Island of the Dead
In the bronze age Scilly comprised one big and one small island (St Agnes). The Isle of Scilly constituted a separate world, a somewhat mystic world reputed to be the Isle of the Dead - and certainly the sheer number of burial-oriented cairns on the islands testifies to that. The 'isle of the dead' could however be regarded as an 'isle beyond time' or beyond earthly normality. The tradition of a sunken landmass, Lyonesse, perhaps the Scilly island or a landmass between Scilly and the mainland, adds to this mystique.
The Isles of Scilly from the mainland
Culturally Scilly was connected with West Penwith, and whatever happened in one generally happened in the other, as evidenced by the chambered or entrance cairns uniquely built in both places from around 2500 BCE. Though these are called 'Scillonian chambered cairns', their construction seems to have started first in Penwith in the later neolithic, then to spread to Scilly in the bronze age.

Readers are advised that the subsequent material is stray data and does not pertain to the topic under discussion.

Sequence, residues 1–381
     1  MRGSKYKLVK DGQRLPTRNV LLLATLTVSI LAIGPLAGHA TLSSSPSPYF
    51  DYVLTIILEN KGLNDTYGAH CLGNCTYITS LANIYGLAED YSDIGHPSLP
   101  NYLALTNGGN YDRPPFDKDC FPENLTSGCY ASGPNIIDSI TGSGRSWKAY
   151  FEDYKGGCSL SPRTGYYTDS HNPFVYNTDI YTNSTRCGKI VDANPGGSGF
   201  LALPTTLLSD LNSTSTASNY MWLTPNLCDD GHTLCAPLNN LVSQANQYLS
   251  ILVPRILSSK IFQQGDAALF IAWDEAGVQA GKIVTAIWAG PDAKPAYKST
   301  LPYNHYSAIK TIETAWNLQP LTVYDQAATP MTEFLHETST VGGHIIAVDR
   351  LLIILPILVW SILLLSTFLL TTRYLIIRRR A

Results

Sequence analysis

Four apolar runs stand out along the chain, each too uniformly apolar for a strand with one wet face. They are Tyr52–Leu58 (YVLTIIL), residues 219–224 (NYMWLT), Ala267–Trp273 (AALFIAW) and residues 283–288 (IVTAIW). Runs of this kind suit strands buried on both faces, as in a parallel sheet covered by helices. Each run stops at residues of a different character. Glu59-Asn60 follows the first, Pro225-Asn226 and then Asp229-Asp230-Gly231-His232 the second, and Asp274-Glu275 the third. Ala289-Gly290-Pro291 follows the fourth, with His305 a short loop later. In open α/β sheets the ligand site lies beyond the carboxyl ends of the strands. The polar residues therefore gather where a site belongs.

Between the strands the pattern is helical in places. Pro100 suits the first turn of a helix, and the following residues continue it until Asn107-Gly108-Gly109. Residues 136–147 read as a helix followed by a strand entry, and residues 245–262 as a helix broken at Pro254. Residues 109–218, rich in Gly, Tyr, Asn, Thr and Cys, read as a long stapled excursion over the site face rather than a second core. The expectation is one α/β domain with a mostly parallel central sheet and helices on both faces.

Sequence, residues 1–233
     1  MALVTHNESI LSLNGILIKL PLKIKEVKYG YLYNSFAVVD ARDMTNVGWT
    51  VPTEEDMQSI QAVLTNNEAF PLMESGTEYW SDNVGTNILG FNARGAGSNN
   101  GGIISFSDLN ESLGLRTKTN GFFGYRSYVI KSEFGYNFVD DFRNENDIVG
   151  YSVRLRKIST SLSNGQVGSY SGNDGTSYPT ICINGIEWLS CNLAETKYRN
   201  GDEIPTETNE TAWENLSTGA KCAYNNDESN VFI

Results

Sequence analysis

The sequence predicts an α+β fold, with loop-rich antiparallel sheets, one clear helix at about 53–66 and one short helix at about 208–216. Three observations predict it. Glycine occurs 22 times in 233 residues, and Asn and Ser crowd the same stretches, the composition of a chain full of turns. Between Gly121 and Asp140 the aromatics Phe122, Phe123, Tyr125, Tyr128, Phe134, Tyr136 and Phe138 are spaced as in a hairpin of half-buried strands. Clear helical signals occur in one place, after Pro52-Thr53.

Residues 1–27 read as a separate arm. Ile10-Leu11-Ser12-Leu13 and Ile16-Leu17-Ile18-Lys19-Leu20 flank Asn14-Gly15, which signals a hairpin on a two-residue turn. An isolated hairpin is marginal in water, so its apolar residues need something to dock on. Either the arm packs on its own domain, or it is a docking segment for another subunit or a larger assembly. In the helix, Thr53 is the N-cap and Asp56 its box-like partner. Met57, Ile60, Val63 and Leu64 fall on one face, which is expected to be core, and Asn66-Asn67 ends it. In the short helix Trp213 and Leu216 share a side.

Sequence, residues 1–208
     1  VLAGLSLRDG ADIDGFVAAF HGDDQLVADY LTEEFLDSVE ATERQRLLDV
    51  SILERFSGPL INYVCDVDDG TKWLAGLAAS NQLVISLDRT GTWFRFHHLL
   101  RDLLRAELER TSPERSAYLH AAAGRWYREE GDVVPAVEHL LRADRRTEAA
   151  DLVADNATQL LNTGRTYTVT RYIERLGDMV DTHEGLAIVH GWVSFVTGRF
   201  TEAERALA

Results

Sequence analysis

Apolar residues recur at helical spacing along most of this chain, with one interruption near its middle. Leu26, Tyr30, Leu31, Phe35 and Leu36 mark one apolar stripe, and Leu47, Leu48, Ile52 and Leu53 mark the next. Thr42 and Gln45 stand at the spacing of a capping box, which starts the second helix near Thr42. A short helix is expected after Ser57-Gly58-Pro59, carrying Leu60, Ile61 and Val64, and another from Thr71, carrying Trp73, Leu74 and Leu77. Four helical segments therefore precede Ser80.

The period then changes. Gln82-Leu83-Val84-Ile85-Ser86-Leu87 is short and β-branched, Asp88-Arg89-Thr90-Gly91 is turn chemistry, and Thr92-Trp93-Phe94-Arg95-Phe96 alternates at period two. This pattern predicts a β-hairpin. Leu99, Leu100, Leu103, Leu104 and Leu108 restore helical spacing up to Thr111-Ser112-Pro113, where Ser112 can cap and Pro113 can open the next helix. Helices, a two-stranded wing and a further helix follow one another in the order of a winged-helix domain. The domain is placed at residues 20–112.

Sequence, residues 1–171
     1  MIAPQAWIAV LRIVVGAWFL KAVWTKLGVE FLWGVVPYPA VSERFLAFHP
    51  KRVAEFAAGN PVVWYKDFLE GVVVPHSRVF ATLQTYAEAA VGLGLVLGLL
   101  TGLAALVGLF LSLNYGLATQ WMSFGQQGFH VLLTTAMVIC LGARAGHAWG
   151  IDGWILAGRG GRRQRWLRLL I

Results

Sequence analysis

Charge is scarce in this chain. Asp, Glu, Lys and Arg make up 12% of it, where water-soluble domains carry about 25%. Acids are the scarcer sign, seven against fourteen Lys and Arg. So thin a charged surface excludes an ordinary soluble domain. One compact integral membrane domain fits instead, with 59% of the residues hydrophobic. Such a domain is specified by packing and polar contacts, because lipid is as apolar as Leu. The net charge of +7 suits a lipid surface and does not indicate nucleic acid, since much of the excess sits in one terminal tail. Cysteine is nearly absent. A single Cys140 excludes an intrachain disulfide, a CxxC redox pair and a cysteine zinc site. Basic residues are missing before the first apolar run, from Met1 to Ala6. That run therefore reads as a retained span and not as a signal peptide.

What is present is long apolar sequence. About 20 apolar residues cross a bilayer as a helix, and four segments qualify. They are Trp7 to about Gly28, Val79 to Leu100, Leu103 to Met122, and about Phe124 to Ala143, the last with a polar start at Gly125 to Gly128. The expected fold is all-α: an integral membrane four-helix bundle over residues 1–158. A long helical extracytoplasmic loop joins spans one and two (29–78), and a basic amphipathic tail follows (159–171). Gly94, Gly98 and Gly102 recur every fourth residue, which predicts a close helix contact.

The people of the neolithic and bronze ages were steadfast mariners. Archaeologically there are signs of plenty of marine contact stretching from Iberia to Britain and Ireland to the Orkneys and Denmark. In good weather the Scillies and West Penwith are intervisible, and the journey could be done in a day using sail and paddle from the islands between Great Ganilly and Sennen beach, or perhaps to Priest's Cove at Cape Cornwall. This would probably have been mainly summer seasonal traffic - in winter it is likely that whoever was on the islands stayed there for the season, since the seas and currents were rough and dangerous.
Ganilly is now an island, site of the notable ancient settlement of Nornour, but in the bronze age the Scillies formed one main island. The presence of beacon hills on both sides of the sound separating the islands and the mainland suggest a signalling system too, for practical and religious reasons.
The Isles of Scilly could also have acted as a stopover and safe haven for marine traffic passing between Brittany and Ireland and the Irish Sea, avoiding the strong tidal currents off Land's End.